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Device parameter names in M4L API – Simpler seems to vary it's parameters!

January 13, 2012 | 7:45 pm

I have a script that tells me the name and parameter number of all the parameters of a device in a chain. With Simpler, I keep getting different reports, I suppose depending on the type of samples loaded and what is enabled. I have a M4l patch where I always want a knob to attach to the Envelope Attack parameter, for example. However, this index seems to vary in different instances of Simpler. Sometimes it is parameter number 26, sometimes 36, sometime 56. I have no way of knowing. Other Instrument classes, like Operator and Collision seem to always report the same number of parameters. Any hints?
I’ve attached a Drum Rack made of simpler sounds, the printout of all the parameters for each Simpler in the chain, and the amxd + js that I used to do this. As you can see, some have 26 parameters, some have 64. This makes it so I can’t rely on a good way to always latch to a particular parameter in Simpler!!
You can try it yourself – just load the drum rack and the m4l device, and press the button.

I guess what I’d like to know is what is going on – where do all these extra parameters come from???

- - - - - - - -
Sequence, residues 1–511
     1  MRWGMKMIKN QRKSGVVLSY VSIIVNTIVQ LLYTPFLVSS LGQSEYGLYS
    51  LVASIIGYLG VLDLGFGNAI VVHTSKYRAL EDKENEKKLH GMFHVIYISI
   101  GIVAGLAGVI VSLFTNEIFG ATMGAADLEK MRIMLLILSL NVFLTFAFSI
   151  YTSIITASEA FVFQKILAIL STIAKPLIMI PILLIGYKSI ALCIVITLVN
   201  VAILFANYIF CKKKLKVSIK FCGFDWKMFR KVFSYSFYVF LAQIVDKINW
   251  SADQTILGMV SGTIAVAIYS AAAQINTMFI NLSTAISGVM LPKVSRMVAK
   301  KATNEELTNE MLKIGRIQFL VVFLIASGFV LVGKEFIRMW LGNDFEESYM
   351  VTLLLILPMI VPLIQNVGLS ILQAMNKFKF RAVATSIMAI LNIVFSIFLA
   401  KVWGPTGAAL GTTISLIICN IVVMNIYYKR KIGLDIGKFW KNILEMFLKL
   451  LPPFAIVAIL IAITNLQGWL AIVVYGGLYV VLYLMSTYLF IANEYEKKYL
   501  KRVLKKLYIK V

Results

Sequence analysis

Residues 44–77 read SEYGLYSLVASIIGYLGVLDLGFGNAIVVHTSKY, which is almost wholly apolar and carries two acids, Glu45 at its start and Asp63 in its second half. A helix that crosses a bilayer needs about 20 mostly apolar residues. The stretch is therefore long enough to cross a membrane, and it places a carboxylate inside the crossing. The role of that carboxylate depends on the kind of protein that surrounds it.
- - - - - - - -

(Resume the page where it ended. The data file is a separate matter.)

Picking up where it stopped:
Attachments:
  1. SimplerReport.zip

January 19, 2012 | 8:05 am

This is a crazy one. I’m with the guy on ableton’s forum; enable all the features in Live over the API (like, turn on the filter and such) and then turn them back off where needed, so that your param list gets fully populated.

Kind of a silly bug, innit?


January 24, 2012 | 5:39 pm

What I ended up doing is just using JS to search through the reported parameters of Simpler and Sampler and stopping when all the desired parameters are found. For other instruments, I can rely on static reports and a lookup table.
I spoke to someone at Ableton this weekend, and he confirmed that it is just Simpler and Sampler that do this, and it is not a bug, but was done for the sake of saving some memory, apparently. Now, when you are dealing with potentially gigabytes of audio files in memory, I’m not sure why a few parameters’ worth of memory matters, however, software can be a temperamental beast, and, given that they know more about what they are doing than I do, I’ll accept this reason!


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